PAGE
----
The San Mateo County district attorney’s office opened the new year prosecuting a fraud case involving prison inmates who allegedly filed unemployment claims with the state’s Employment Development Division. Prosecutors say the case currently includes 21 individuals who conspired to receive about $250,000 in pandemic unemployment benefits.
In what prosecutors say was the first known instance of EDD fraud by inmates in the state, the San Mateo County case helped to expose a state agency that was unprepared to handle a surge of unemployment claims and filter out the illegitimate ones.
Between March 23 and August 7, 11 inmates at the San Mateo County jail — Emon Brown, Marcel Chapman, Taisia Fauolo, Jose Garcia Barron, Mike Kamko, Luis Mariscal, Rommel Narvaez, Quincy Norton, Freeman Owens, Reginald Sinegal and Edgar Vasquez — and one inmate in San Francisco County jail, Khejon Nelson, allegedly unlawfully communicated with California state prison inmates Lionel McCoy and Joseph Smith as part of the fraud. The district attorney report also implicated six people out of custody for unrelated crimes. They are Jasonna Auzenne, Tony Covington, Zachary Lewis, Ronnelle Narvaez, Miani Pon and Shamesha Reese.
The case in San Mateo County was discovered serendipitously by an investigator, Jordan Boyd, who had been listening to a conversation between an inmate and a visitor for a separate case. In the process, Boyd heard them discussing a “scam,” according to District Attorney Stephen Wagstaffe.
“We then notified the state prisons and county jails and we said, ‘Hey, watch out for this scam,’” he said. “And poor EDD, they were suddenly inundated.”
District attorneys elsewhere in California have reported being overwhelmed by the number of EDD fraud cases on their docket. Wagstaffe joined his counterparts in asking Gov. Gavin Newsom for additional resources for the offices to prosecute the cases. Though Wagstaffe supported the request, he said his office has been handling the local incident and is satisfied with the pace at which it is moving through the courts.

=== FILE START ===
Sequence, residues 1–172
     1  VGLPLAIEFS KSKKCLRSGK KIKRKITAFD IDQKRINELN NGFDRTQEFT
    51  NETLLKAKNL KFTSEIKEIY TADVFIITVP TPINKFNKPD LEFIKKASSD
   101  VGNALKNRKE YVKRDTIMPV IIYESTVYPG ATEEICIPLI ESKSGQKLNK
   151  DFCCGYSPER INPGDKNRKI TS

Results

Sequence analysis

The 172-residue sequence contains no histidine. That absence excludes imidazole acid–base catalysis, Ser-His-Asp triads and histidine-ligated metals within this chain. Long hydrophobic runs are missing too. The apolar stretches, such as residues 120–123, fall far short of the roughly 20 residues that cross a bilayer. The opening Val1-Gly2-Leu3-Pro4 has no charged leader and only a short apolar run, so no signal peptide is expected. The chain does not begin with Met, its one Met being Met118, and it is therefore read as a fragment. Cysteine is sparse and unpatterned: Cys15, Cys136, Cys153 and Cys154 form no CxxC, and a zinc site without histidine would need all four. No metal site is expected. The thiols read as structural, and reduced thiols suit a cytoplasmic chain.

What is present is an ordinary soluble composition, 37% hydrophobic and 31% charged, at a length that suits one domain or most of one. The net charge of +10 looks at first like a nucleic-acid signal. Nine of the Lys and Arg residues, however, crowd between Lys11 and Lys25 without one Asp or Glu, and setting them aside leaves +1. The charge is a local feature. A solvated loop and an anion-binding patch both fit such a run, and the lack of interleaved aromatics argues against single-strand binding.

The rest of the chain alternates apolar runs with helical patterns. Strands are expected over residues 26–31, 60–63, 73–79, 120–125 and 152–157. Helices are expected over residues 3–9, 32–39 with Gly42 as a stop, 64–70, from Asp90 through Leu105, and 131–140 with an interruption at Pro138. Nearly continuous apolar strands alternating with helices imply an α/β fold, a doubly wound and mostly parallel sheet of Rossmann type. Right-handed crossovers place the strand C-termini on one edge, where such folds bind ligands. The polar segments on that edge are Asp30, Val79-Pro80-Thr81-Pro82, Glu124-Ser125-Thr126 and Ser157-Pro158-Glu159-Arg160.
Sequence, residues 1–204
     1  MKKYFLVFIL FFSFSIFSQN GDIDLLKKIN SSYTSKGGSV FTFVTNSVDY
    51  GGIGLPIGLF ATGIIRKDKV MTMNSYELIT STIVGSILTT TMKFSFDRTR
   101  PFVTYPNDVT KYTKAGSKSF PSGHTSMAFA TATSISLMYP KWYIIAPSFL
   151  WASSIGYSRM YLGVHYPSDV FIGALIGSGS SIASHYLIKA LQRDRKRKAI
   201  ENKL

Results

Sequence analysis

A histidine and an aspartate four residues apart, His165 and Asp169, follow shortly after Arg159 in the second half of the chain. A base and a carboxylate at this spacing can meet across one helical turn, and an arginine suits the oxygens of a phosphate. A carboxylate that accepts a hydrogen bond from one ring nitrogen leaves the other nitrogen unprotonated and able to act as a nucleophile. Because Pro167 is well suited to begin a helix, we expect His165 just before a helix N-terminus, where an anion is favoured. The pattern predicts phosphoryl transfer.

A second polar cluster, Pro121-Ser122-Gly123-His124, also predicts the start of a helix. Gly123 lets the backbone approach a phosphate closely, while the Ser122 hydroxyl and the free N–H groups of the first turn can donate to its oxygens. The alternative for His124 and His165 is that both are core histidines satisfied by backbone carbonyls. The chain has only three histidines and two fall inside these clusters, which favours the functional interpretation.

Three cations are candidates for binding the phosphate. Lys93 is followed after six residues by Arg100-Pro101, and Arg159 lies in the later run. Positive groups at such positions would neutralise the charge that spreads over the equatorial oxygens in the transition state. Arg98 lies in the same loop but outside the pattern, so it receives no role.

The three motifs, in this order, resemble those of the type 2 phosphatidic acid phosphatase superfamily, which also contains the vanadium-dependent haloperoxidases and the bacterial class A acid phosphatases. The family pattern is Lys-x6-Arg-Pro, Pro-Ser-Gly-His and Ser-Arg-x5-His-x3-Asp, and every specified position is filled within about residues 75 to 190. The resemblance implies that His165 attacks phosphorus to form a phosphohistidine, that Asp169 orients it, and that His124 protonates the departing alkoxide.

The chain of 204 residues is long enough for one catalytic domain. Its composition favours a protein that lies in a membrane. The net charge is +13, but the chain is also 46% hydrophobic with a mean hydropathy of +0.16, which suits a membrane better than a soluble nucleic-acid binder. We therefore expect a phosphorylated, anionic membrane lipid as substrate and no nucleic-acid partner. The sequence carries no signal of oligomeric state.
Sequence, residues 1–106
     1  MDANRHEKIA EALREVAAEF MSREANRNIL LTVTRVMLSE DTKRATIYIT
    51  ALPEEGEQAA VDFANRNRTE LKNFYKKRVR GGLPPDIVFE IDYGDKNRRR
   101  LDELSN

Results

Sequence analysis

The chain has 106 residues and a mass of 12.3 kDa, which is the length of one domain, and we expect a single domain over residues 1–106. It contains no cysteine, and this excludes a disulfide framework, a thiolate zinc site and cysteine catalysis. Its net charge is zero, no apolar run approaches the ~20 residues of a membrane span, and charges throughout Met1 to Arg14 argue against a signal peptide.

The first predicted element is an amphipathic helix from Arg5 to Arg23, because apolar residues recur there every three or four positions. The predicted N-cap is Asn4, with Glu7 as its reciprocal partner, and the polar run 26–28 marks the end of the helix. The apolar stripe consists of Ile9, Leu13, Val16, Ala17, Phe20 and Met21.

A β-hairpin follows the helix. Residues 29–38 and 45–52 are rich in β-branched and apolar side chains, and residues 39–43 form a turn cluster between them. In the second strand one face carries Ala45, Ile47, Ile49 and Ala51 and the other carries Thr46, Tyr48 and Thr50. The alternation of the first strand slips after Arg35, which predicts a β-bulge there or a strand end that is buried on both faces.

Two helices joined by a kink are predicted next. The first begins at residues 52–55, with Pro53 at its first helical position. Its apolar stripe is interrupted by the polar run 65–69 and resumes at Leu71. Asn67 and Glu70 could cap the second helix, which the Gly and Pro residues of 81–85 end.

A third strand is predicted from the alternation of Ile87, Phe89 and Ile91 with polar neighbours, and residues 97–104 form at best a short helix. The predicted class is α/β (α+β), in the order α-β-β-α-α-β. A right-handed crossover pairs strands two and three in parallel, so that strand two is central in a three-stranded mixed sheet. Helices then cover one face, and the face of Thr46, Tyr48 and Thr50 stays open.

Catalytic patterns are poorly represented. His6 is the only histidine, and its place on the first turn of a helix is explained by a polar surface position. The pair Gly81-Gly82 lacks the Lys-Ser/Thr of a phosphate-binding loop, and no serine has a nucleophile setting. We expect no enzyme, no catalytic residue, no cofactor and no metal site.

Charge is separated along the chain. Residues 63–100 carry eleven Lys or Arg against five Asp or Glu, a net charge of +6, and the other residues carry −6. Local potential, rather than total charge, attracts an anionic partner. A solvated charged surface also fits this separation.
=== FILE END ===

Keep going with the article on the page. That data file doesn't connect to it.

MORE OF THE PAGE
Bank of America, which works with the EDD to issue and manage prepaid cards to unemployment benefit assistance, placed the estimated loss due to fraud across the state at $2 billion. In many of these cases, applications were linked to people outside of California. And many claims used the same mailing, phone number or email address.
So far eight people have been convicted of fraud or conspiracy to commit fraud. The rest have yet to enter a plea deal. Following another COVID-19 order, all jury trials have been postponed to February.
Penalties for the convicted range between $24,000 to $42,000 in restitution. “That’s what we believe they got and spent (in pandemic unemployment relief),” Wagstaffe said. They also face up to three-year maximum prison sentences, with the exception of those with a bad record who may face an additional two or three years.
He said how much the courts will be able to recover in restitution will vary.
“If you’ve got somebody who’s been doing this and really lives on the edge, it’s going to be hard to get much. And generally, I think that’s what all of these are,” he said.